PSYC 302 - Abnormal Psychology - 5 credits
    Explores and evaluates research and theoretical concepts relating to deviant and abnormal behavior.

    Large Scale Social Organization

    GOVT 321 - International Organization - 5 credits
    A study of the purposes, structures, and approaches of international organizations within the world community. Focuses primarily on the United Nations system, its significance from the standpoint of global, national, and individual perspectives.

    GOVT 331 - American Federal System And State Politics - 5 credits
    A survey of the background and operation of the American federal system, emphasizing the governments of the states and localities.

    SOCI 463 - Complex Organizations - 5 credits
    Analyzes large, complex organizations as a social system. Includes theory related to the emergence and structure of bureaucracy, authority and control; organizational conflict and change; the individual and the organization; and the organization and its environment.

    The Present as History

    HIST 301 - History Of The Present - 5 credits
    The historical background of contemporary problems and events, such as the Arab-Israelis conflict. Topics vary with changes in the world situation.

    ECON 412 - Economic History Of The United States - 5 credits
    Economic development of the United States from the early colonial period to the present; explorations, westward movement, labor, rise of great industries, world trade, and post-war economic problems.

    GEOG 458 - Historical Geography Of The United States And Canada - 3 credits
    Relates physical environment and human activity in the settlement and development of the United States and Canada.

    Environmental Context

    ANTH 450 - Cultural Ecology - 5 credits
    The relationship between man, nature, and culture is contrasted in food collecting, simple farming, and technologically more complex cultures.

    GEOG 301 - Human Geography - 5 credits
    A study of humans, focused on their interaction with the physical and cultural environments of the earth.

    GEOG 465 - Urban Geography - 3 credits
    Cities as components of central place and related functional systems and the study of cities as spatial systems.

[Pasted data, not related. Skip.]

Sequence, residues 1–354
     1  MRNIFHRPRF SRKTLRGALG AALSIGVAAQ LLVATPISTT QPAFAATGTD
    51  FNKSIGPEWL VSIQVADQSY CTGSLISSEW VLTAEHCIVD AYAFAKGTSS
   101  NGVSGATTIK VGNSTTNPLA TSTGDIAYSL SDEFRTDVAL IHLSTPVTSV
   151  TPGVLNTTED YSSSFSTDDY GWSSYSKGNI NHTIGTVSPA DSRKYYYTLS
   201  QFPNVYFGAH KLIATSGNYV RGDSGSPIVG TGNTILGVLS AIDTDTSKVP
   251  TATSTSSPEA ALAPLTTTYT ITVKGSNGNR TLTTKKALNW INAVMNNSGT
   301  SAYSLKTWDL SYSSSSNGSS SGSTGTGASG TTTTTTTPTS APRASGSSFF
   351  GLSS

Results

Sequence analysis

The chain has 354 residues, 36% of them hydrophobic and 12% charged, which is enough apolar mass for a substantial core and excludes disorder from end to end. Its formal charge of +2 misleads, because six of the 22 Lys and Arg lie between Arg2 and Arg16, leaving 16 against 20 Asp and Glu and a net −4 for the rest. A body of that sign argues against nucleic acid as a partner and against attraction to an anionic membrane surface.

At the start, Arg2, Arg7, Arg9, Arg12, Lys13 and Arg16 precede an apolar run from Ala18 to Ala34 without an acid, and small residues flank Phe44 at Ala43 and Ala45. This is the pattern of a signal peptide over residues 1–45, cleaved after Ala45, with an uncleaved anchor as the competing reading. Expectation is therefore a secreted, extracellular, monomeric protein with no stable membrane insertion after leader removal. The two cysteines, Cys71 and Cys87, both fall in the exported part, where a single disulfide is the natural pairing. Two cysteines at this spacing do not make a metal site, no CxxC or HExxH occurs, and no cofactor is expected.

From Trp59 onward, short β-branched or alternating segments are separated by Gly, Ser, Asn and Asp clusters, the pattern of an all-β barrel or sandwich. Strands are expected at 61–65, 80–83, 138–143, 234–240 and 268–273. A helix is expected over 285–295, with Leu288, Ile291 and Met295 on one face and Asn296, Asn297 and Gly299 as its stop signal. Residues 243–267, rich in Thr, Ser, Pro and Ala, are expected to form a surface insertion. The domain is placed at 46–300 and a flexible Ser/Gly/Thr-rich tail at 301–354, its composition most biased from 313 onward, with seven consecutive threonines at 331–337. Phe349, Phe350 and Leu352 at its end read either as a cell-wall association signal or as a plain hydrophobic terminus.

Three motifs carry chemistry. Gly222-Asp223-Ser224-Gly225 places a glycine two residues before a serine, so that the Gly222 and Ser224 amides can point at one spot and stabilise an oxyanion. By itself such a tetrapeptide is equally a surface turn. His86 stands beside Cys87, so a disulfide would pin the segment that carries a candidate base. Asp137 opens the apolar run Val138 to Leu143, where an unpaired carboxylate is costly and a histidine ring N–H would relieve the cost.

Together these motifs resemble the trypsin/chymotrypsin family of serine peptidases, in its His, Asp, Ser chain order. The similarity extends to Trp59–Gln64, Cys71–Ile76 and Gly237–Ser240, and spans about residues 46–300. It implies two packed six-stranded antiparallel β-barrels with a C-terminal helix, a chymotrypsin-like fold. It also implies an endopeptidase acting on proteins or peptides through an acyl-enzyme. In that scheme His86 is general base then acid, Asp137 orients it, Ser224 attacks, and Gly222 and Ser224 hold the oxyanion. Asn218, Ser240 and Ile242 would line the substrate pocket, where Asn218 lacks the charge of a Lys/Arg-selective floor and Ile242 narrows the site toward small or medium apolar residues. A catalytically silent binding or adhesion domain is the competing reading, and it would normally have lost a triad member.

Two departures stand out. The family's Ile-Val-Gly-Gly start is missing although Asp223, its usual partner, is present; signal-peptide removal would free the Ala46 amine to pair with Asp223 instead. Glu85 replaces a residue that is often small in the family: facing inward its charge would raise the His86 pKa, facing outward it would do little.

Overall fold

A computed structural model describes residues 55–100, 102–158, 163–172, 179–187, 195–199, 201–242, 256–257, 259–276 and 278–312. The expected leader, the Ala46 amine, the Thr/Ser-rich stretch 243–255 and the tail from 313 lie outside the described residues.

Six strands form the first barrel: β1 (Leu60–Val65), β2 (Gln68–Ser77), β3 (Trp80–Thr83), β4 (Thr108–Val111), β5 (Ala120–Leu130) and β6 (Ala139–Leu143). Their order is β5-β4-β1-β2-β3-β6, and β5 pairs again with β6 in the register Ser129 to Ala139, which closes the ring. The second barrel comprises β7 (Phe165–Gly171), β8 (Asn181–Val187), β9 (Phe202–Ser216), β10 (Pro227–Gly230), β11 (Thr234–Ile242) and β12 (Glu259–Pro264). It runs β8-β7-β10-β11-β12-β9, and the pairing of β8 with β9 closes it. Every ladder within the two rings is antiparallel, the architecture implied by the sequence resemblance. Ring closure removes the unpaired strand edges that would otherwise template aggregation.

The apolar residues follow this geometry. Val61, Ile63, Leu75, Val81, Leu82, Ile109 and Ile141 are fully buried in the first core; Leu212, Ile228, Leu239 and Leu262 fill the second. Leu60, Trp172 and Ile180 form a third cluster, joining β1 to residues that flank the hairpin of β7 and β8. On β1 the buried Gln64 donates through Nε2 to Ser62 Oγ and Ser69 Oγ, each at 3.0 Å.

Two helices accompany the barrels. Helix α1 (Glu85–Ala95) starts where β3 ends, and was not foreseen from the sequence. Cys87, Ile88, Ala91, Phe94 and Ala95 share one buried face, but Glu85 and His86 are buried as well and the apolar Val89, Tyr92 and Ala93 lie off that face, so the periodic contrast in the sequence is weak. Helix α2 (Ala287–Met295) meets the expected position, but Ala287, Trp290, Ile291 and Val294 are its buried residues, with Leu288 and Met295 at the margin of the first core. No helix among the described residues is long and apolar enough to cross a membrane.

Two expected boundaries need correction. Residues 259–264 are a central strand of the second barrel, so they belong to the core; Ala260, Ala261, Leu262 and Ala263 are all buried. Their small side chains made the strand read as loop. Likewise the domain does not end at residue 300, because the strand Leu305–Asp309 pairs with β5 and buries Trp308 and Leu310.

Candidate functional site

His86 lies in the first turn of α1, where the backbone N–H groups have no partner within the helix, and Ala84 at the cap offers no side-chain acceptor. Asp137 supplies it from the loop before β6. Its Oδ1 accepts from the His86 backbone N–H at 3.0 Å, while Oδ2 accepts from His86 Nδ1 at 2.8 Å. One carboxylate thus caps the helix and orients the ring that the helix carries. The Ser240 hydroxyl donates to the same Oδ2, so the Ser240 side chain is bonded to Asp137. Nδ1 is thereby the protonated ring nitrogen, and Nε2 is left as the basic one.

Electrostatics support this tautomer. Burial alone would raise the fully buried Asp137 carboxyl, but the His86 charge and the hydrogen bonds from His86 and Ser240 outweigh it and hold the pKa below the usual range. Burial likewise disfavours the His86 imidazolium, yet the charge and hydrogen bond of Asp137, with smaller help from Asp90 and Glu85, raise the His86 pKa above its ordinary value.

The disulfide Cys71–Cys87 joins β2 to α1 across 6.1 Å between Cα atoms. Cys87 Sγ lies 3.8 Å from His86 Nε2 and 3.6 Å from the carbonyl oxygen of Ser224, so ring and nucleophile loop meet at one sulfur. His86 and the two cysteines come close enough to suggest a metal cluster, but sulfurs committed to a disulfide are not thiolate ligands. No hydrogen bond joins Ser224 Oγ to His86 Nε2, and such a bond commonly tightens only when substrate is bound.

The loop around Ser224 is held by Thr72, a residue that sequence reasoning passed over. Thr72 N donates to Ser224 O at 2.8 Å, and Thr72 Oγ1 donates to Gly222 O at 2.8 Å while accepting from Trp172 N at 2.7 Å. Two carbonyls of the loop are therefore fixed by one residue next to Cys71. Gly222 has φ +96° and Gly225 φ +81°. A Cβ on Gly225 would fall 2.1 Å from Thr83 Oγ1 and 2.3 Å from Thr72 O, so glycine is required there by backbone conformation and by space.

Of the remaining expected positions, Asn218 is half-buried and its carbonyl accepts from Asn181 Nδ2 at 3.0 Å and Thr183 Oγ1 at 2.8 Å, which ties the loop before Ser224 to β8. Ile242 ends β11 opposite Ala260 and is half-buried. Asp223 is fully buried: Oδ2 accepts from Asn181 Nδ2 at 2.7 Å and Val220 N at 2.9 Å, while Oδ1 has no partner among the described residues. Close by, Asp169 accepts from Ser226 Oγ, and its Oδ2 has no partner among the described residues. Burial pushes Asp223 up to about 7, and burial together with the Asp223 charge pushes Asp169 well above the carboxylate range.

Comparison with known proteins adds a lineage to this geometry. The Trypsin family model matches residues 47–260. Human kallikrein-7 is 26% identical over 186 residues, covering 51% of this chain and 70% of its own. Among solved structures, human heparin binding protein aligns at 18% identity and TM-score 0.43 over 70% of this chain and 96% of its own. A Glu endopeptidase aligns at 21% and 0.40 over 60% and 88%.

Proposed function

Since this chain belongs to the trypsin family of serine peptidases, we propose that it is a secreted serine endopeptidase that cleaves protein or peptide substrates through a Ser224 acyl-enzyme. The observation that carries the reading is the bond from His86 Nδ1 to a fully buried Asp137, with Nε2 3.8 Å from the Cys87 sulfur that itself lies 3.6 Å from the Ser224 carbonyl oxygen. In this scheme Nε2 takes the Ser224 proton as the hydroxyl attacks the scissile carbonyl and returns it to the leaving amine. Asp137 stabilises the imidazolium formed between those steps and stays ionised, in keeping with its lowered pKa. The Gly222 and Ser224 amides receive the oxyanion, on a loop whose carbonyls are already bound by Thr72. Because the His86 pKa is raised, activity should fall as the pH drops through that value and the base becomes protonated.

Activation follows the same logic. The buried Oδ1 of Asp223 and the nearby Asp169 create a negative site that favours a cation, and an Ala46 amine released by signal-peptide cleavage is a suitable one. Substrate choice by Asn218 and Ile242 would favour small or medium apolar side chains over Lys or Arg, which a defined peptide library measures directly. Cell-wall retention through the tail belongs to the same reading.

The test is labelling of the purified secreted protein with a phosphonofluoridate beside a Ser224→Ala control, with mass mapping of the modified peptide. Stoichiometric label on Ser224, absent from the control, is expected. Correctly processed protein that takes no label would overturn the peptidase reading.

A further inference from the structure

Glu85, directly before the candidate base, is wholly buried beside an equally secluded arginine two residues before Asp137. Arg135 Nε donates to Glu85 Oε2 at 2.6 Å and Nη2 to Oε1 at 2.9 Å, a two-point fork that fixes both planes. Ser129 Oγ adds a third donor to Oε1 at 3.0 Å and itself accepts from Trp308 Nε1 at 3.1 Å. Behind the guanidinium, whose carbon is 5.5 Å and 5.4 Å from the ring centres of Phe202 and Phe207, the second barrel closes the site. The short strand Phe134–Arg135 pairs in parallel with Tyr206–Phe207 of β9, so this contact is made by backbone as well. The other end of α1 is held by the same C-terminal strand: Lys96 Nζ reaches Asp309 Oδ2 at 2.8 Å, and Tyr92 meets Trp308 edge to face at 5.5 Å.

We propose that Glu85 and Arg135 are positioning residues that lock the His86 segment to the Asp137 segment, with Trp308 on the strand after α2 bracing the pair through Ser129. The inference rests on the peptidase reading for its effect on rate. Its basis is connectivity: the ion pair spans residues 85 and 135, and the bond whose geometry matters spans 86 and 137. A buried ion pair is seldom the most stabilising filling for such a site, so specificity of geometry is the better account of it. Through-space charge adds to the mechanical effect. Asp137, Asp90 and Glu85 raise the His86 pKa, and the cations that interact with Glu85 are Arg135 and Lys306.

Human Diversity

    SOCI 320 - Race And Ethnic Relations: Global Perspectives - 5 credits
    A socio-structural analysis of the bases of oppression of minority groups in society. The course deals with economic, political and cultural factors involved in the emergence and perpetuation of racism/ethnocentrism in the United States and around the world.

    SOCI 321 - Sex And Gender - 5 credits
    A sociological analysis of differences and similarities between women and men. Examines the impact of gender ideologies of individual identity and social and political arrangements (especially instances of stratification and inequality). Also considers how changes in the gendered nature of society (e.g., socioeconomic organization, socialization, sexuality) occur.

    WMST 415 - Gay, Lesbian, Bi-Sexual, Transgender Studies - 5 credits
    This course consists of a scholarly examination of gay, lesbian, bisexual, and transgender identities. Material from philosophy, history, sociology, psychology, and anthropology, as well as literary and cultural studies will be covered. In some cases, it will be necessary to discuss sexuality, including specific sex acts, in some detail.

    Senior Capstone

    400 - Senior Capstone - 4 credits

    Portfolio (*Required for all option B students)

    ITDS 300 - Portfolio Development - 4 credits
    This course enables the adult learner to translate his/her prior learning into elective credit through the development of a portfolio. Portfolios are submitted to faculty members who determine the credit award. A student may earn up to 45 credits for prio learning experience that can only be applied to the prior learning option.

    Upper Division Electives (30 credits)
    These courses can be picked up through other EWU face-to-face course offerings on the BC campus or through EWU Distance Learning. For more information of courses that are currently being offered, please see our schedules.

    Contact Information

    John L. Neace, Senior Director
    300 Senior Hall
    Cheney, WA 99004

    email: jneace@ewu.edu
    phone: 509.359.6524
    fax: 509.359.2220